Duell’s Futureless Is a Soundtrack for Hopeful Nihilism

Duell Jackie Brown
After nearly five years, Fort Worth party metal band Duell has finally delivered a new 10-track album filled with bangers and anthems.

Futureless shows more concern for the listening experience than the band’s raw, booze-fueled 2014 release Back to Drunk. And this approach works well to create depth and range both lyrically and musically for a genre that is too often derided for having neither.

This is metal for people who just don’t get metal. It’s a soundtrack for hopeful nihilism in the Trump era. It’s dark. It’s cynical. But, most importantly, it’s a lot of fun.

What really sets Duell apart from most metal acts — or at least what one has come to expect from most metal acts — is the melodic vocals of singer Belvedere Lee. There is no guttural screaming here. Instead, Lee’s vocals have more of an Ozzy Osbourne feel in their unstated eeriness and brooding whine.

And, like Osbourne, Lee is backed by a band full of talented musicians who perfectly complement the album’s sense of repressed despair searching for comfort in an all-too-abrasive world. For the most part, the more maudlin tones of the album are sung with a tongue-in-cheek self-awareness and played through with the kind of headbanging, fuck-it-all attitude we’ve come to expect from the band’s energetic live shows.

For example, the album’s first track, “I’m Shit,” kicks off with the fury of a jilted lover screeching out of a driveway, with Lee singing, “She said I wasn’t number one / I won’t make that mistake again / I am shit!” with the final line repeated four times.

Even in the band’s nihilistic statement on the country’s political turmoil, “Eat Shit Die,” the lyrical skepticism is hidden behind a veil of lawless riffs and eminent hook that is sure to have a lot of audience participation as Duell hits the road.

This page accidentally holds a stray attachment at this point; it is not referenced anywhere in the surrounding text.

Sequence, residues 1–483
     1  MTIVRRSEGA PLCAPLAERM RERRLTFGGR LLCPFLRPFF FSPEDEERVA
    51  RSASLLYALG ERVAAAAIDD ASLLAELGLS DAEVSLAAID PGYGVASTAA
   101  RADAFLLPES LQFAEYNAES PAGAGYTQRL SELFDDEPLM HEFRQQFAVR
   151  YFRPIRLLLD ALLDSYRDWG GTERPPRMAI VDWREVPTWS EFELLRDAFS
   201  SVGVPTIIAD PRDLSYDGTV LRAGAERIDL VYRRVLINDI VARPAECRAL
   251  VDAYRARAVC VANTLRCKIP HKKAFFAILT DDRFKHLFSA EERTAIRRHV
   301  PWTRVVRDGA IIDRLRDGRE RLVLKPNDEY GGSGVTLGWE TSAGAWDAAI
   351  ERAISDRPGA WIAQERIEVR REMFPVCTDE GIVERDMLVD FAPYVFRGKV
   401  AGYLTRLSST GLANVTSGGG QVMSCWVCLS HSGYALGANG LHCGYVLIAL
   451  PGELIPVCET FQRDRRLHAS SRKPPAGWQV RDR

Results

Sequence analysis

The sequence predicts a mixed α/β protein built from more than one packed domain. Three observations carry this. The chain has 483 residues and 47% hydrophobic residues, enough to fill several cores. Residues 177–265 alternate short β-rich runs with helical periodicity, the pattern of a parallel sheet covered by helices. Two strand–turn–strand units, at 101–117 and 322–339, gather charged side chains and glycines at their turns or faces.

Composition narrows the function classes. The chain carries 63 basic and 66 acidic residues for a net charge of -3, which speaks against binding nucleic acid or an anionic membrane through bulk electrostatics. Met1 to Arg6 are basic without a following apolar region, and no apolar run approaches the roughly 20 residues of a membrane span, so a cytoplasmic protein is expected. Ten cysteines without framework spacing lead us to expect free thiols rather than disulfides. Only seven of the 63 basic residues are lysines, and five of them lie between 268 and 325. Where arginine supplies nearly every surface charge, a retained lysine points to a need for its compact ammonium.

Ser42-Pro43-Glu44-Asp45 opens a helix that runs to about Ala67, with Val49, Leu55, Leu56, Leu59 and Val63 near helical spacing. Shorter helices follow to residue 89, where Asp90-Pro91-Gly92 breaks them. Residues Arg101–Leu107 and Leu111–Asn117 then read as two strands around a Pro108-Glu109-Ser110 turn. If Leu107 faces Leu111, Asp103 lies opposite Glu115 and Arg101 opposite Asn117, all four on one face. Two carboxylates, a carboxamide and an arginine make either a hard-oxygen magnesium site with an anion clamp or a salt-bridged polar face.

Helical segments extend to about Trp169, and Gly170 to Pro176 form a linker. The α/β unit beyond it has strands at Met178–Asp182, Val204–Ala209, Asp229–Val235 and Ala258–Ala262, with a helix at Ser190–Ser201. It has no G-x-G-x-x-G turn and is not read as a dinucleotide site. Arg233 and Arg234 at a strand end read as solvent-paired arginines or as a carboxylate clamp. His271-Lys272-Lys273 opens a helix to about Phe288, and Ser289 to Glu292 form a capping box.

When things get more emotional in a slightly less energetic track like “Hurt Russell,” the impassioned heartache hides behind an upbeat, albeit slower, rhythm — not to mention the song’s playful title.

But that level of intensity can only last so long before it crashes, burns and dies away.

In the album’s swan song, the despair becomes too overwhelming for the healing power of music to soothe.
“All the World” is Duell’s slowest and longest song to date, and it’s alarming in the way it gives up the ghost of metallic defiance.

“All the world is there to bring you down,” the song’s persistent refrain, is sung in a style reminiscent of the haunting harmonies of Alice In Chains. This isn’t Duell steering away from its vision. This is simply the veil coming down, showing us that sometimes there might not be anywhere for the pain of it all to hide.

As the song slowly peels out into the fading silence of a single guitar strumming, one cannot help but feel a sense of loss for all the metal moments that brought us to this occasion.

The overall effect of such a well-wrought album is that even if what we are all working on is ultimately Futureless, there is still a place for rocking out in the face of all the troubles that beset us. It’s OK to be sad, worried, frustrated and even hopeless, but we’d better have a damn good time while we’re at it.

You can celebrate the release of Futureless alongside Duell in a weekend of album release parties with stacked lineups.

Duell will play Friday night at Ruins in Dallas (2653 Commerce St.) with Son of Stan, Mountain of Smoke and Sub-Sahara; and they will play Saturday night at Lola’s Saloon in Fort Worth (2736 W. 6th St.) with Sealion, Mountain of Smoke and All Clean.
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David Fletcher writes about music, arts and culture for the Dallas Observer. You can usually find him at a show in Deep Ellum whether he's writing about it or not. A punk scholar and local music enthusiast, David focuses his attention on the artists screaming in the margins of Dallas' music scene.
Contact: David Fletcher